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Metal-on-metal hip replacement implants

Metal-on-metal (MoM) hip replacement implants generally last well and don’t cause problems. However, some people are experiencing complications possibly related to the metals used in the implants – usually chromium and cobalt. It’s important to be aware of symptoms that may indicate complications with these implants and visit your orthopaedic surgeon or GP if certain symptoms appear.

Hip replacement implants 

Hip replacements can help people with hip arthritis or injury to have less pain and better mobility. Around 34,000 hip replacements were performed in Australia in 2010.

Hip replacement implants can be made from a number of materials, including metal, ceramic, ceramicised metal or polyethylene.

hip replacement

More information on hip replacement and revision.

Metal-on-metal hip replacement implants 

Hip replacement implants are either used to totally replace the hip joint, or to protect the existing hip joint in a process known as hip resurfacing. Hip resurfacing involves trimming away the damaged bone and cartilage of the hip joint then capping the joint bones with metal to prevent further damage.

Metal-on-metal (MoM) hip replacements, where the ball (head) and socket component are made from metal, have been available since the 1960s but there has been an increased use of these implants in the last 10 years. Being made totally of metal, MoM implants are more durable than other hip replacement systems. Because of this, they are often given to younger and more physically active people.

Most MoM hip replacements work well and don’t cause problems. However, problems can arise when tiny particles of metal are shed into the joint area due to general wear and tear of the metal joint over time. This debris can result in the release of metal ions into nearby tissue, which may lead to local damage and inflammation, increasing need for a second procedure to replace the first hip implant.

Symptoms to look out for 

Symptoms that may indicate metal implant problems include hip, groin or leg pain, swelling around the hip region, numbness, or a reduced ability to walk.

If you experience pain, swelling, numbness or problems walking 3 months or more after a hip replacement operation you should see your orthopaedic surgeon. Your doctor will assess you and suggest tests to determine the cause of your symptoms and to see whether these symptoms may be due to your hip implant or another problem.

Metal poisoning

Chromium and cobalt metal ions occur naturally in the body. People with MoM implants have higher levels of these metal ions than those without, but it is not yet clear if these raised blood levels are high enough to cause health problems.

In rare cases the release of metal particles and ions into the blood stream may lead to metal poisoning over time. This can affect other parts of the body such as the heart, nervous system, kidneys and thyroid gland.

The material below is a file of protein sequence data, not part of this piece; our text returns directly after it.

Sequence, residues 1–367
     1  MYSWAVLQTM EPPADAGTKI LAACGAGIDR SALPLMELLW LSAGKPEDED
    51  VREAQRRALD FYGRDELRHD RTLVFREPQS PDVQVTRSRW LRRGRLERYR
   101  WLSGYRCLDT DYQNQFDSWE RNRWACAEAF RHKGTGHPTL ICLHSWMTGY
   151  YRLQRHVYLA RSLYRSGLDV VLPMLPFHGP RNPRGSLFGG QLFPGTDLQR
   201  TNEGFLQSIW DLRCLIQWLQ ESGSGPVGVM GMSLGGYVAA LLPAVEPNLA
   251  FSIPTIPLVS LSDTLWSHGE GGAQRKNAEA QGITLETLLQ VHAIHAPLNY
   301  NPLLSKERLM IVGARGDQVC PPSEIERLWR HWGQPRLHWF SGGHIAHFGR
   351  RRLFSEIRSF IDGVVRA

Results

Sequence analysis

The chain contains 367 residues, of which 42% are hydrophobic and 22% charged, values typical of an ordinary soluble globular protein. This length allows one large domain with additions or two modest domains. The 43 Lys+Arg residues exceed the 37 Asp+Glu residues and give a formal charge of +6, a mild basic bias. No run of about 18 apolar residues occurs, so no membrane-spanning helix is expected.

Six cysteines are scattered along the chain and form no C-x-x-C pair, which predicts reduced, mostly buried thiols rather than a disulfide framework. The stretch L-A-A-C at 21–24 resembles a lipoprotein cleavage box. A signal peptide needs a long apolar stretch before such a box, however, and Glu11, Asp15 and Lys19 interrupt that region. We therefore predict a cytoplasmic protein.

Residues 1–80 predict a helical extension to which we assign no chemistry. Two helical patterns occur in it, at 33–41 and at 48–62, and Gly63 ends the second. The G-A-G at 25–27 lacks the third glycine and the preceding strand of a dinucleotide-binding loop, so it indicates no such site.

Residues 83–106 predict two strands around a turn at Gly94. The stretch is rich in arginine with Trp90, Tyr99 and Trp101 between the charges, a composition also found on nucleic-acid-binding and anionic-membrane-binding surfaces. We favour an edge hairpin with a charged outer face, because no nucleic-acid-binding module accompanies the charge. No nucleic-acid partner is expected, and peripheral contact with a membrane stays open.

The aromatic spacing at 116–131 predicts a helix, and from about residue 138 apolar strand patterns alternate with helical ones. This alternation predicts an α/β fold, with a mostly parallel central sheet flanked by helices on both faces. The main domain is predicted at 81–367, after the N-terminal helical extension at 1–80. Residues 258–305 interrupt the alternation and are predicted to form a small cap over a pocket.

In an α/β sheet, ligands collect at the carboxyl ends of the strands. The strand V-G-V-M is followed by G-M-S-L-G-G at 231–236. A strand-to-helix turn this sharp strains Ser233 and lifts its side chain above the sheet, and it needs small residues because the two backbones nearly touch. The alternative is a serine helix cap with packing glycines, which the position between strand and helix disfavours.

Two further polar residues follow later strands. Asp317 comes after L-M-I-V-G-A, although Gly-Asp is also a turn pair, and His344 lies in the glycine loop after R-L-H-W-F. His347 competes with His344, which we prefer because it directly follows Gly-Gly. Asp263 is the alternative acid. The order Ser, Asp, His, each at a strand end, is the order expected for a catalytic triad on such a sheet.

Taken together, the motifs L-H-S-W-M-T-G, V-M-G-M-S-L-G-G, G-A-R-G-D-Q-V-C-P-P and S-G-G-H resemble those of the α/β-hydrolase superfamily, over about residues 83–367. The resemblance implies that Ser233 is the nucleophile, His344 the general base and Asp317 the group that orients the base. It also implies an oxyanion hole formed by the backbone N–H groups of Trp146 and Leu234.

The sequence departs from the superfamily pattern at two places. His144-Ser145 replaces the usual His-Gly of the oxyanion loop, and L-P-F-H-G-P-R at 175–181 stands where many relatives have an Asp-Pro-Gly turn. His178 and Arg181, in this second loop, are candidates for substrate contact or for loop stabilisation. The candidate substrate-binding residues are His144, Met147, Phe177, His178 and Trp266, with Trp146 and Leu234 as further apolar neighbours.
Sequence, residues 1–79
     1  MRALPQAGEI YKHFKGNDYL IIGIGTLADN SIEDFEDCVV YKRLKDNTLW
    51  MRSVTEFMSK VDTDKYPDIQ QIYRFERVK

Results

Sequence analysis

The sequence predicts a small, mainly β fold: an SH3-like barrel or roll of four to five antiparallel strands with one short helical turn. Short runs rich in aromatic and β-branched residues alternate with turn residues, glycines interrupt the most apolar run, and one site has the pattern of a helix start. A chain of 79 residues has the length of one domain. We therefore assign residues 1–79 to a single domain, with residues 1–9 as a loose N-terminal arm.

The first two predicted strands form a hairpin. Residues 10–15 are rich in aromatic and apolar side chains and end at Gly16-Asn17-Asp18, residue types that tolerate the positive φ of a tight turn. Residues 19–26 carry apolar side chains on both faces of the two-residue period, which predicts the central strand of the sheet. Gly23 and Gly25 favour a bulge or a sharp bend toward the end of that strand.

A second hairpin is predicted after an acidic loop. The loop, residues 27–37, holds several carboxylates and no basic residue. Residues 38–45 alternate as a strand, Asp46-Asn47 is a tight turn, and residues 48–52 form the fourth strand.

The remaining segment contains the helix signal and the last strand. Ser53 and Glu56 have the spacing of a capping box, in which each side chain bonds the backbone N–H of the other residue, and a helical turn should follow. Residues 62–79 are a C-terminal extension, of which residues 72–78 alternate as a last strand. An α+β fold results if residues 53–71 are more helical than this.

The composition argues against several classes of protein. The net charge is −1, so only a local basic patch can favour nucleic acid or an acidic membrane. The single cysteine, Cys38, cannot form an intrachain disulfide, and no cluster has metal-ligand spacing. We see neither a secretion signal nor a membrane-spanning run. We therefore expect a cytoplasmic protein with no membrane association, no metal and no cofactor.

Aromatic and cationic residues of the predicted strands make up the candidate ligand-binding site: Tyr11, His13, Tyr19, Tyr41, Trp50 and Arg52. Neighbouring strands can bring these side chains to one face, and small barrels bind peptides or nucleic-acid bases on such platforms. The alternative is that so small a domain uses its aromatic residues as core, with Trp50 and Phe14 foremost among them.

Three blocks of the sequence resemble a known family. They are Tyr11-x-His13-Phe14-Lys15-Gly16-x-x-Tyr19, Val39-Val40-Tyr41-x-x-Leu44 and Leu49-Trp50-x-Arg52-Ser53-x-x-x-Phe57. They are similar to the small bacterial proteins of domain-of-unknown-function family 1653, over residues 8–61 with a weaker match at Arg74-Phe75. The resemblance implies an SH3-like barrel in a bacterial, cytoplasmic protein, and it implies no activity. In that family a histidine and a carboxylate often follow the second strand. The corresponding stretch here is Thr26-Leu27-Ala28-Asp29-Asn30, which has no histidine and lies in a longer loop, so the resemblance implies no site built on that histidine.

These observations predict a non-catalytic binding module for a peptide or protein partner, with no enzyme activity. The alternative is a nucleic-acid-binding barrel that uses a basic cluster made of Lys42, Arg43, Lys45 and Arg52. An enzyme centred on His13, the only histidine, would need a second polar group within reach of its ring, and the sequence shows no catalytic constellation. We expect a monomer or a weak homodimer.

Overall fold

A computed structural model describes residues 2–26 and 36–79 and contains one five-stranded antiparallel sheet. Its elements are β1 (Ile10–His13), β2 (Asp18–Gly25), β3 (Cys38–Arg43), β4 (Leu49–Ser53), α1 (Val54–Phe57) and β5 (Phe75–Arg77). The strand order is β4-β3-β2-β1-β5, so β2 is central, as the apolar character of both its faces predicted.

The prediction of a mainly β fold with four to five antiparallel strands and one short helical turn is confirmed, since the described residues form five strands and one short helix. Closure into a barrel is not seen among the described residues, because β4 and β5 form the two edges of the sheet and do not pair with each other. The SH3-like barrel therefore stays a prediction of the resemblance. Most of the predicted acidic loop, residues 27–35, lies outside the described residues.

It isn’t possible to predict who will experience metal poisoning as people react differently. If you experience any new symptoms after your hip operation in areas away from your hip, see your GP and be sure to remind them about the implant.

Safety and effectiveness of MoM hip replacement implants 

The effectiveness and safety of the joint replacement systems used in Australia is monitored by the National Joint Replacement Registry, which collects and assesses information on joint replacement operations throughout Australia.

Evidence from this and similar registries from other countries has led to the withdrawal of certain MoM joint devices, usually due to a higher than expected rate of patients with these particular implants needing to re-do hip surgery.

Hip operations that use MoM joint implants make up a small percentage of all hip replacement operations performed in Australia. If you are concerned whether your implant puts you at risk, talk to your doctor.

Further information 

US Food and Drug Administration (FDA). Executive summary memorandum: metal-on-metal hip implant system

Australian Orthopaedic Association.  Update on metal on metal (MoM) hip replacements


Australian Orthopaedic Association (AOA). Update on metal-on-metal hip replacements. [online] Sydney, NSW: AOA. 11 Jul 2011. [Accessed 18 Jul 2012] Available from:

Expert Group on Vitamins and Minerals (UK). Safe upper levels for vitamins and minerals. [online]  London, UK: the Crown. 2003. [Accessed 19 Jul 2012] Available from:

US Food and Drug Administration (FDA). FDA Executive Summary Memorandum. Metal-on-metal hip implant systems, June 2012. [online] Silver Spring, MD: FDA. 28 June 2012. [Accessed 12 Jul 2012] Available from: 

FDA. Medical devices: Products and medical procedures. Metal-on-metal hip implants. [online] Silver Spring, MD: FDA. [Last updated 29 Mar 2012, accessed 18 Jul 2012]. Available from: 

FDA. Medical devices: Products and medical procedures. Information for orthopaedic surgeons about metal-on-metal hip implant surgery. [online] Silver Spring, MD: FDA. [Last updated 31 May 2012, accessed 18 Jul 2012] Available from: 

FDA. Medical devices: Products and medical procedures. Information for patients who have metal-on-metal hip implants. [online] Silver Spring, MD: FDA. [Last updated 2 Oct 2011, accessed 18 Jul 2012] Available from: 

FDA. Medical devices: Products and medical procedures. Concerns about metal-on-metal hip implant systems. [online] Silver Spring, MD: FDA. [Last updated 29 Mar 2012, accessed 18 Jul 2012] Available from:

Last published: 31 July 2012

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